Target (TGT) is taking action in response to retail theft.
On Tuesday the big box retailer announced plans to close nine stores, effective Oct. 21.
"We cannot continue operating these stores because theft and organized retail crime are threatening the safety of our team and guests, and contributing to unsustainable business performance," the company said in a statement.
The stores set to close include one in Harlem, N.Y; two in Seattle, Wash.; three near San Francisco and Oakland, Calif.; and three in Portland, Ore. All "eligible" employees will be offered the opportunity to transfer to other Target locations, the company said.
The decision to close stores came after the company reported that inventory shrinkage — mostly the theft of merchandise — would cut profits by $500 million this year. In 2022, profits took a $700 million hit from inventory shrinkage.
"Shrink in the second quarter remained consistent with our expectations but well above the sustainable level where we expect to operate over time," Target CEO Brian Cornell said in the company's second quarter earnings call.
Target added it "invested heavily in strategies to prevent and stop theft and organized retail crime in our stores" prior to closing stores, including by adding more security to stores, using third-party security guard services, and implementing "theft-deterrent" tools across the business.
Ultimately though, the only decision left was to close certain stores.
"Despite our efforts, unfortunately, we continue to face fundamental challenges to operating these stores safely and successfully," the statement said.
More security, locking cases, cyber defense technology
According to the National Retail Federation's (NRF) National Retail Security Survey, retail shrink — the loss of items to retail theft, organized crime, damage, vendor fraud, and other factors — was a $112 billion problem for the industry in 2022. That cost was up nearly 20% from 2021 when retail shrink accounted for $93.9 billion in losses.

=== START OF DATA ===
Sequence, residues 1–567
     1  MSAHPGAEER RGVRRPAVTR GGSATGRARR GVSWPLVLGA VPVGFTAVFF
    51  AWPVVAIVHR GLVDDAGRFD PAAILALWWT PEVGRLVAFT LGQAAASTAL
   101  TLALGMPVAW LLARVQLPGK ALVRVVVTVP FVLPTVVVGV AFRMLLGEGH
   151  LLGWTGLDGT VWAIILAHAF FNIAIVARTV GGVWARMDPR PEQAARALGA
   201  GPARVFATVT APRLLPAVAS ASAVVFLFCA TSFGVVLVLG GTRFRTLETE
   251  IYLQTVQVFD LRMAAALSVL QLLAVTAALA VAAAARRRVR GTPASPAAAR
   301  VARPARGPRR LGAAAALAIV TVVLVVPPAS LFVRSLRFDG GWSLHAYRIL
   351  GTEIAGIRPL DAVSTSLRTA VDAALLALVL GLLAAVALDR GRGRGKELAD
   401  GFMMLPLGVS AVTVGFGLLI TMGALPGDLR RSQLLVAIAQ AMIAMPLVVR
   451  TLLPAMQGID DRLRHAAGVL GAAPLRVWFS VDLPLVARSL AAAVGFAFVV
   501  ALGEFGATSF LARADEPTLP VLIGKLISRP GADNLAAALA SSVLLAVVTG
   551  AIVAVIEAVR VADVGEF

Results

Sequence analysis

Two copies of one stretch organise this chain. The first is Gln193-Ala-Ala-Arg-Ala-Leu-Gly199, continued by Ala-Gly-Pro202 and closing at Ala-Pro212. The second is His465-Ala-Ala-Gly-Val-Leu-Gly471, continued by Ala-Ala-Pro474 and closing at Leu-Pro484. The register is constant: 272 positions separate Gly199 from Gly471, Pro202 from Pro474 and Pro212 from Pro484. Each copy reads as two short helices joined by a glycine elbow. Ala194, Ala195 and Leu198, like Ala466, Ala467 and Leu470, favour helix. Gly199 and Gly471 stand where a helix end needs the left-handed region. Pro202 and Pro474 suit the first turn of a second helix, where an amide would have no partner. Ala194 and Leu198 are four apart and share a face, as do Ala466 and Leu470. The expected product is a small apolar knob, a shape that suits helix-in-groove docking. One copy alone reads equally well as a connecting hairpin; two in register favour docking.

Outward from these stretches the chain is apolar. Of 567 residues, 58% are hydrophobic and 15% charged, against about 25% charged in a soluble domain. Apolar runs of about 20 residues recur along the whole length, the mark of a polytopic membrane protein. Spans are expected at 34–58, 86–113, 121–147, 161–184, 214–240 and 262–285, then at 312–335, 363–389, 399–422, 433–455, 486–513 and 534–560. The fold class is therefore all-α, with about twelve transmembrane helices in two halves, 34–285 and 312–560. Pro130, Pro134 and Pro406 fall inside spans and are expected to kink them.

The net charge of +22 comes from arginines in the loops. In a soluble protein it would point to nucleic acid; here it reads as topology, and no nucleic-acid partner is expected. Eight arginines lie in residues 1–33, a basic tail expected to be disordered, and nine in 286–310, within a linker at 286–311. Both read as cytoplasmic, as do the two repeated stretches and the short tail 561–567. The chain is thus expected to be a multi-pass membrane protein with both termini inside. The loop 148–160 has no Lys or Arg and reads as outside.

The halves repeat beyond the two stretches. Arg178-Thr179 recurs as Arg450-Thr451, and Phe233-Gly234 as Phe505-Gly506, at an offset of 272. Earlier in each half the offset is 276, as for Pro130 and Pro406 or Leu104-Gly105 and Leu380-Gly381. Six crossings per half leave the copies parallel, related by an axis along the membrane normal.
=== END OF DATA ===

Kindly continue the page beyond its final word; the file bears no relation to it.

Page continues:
At some hard-hit stores, Target is finding ways to stem the losses, such as locking cases for merchandise categories that are "prone to theft," as pictured below.
Shoppers have to ask for assistance from employees to open the cases. At this particular location in New Jersey, sections that were locked up included toiletries and higher-priced detergents.
David Johnston, NRF's vice president of asset protection and retail operations, said while this changes consumers' shopping experience, it's better long term.
For certain items such as over-the-counter medicines and baby formula, "it is more important to have the product there ... [than to] to risk it all being stolen and not available for the consumer," Johnston told Yahoo Finance. "So retailers understand the impact."
"Anything that has a high resale value or a quick resale opportunity is targeted," Johnston added. Often these stolen goods are then resold locally at bodegas or even resale markets, he said.
Target is making other efforts as well to deter theft, including payroll investments for additional security members, third-party guard services, and training store leaders and employees "so they can protect themselves and de-escalate potential safety issues associated with organized retail crime incidents," the release said.
The company is also investing in cyber defense technology. It's partnering with the investigations division of the US Department of Homeland Security to develop custom tools that detect and prevent criminal activity as well as to expand the scope of data alerts and analysis to "better capture" fraud.
When it comes to organized retail crime, Johnston said retailers and law enforcement are just "starting to see the true extent of how organized these groups are."
He explained that these groups' reach can extend to "multiple states, if not the country," with some groups traveling from the West Coast to the East Coast for "specific merchandise."
Target is one of many retailers addressing the issue of retail theft.
Nordstrom CEO Erik Nordstrom told Wall Street on a recent earnings call that "losses from theft are at historical highs, ... and I'd say we find it unacceptable and needs to be addressed."
Walmart (WMT) US CEO John Furner also weighed in on the issue, saying, "Shrink has increased a bit this year. It increased last year. It's uneven across the country."
Brooke DiPalma is a reporter for Yahoo Finance. Follow her on Twitter at @BrookeDiPalma or email her at firstname.lastname@example.org.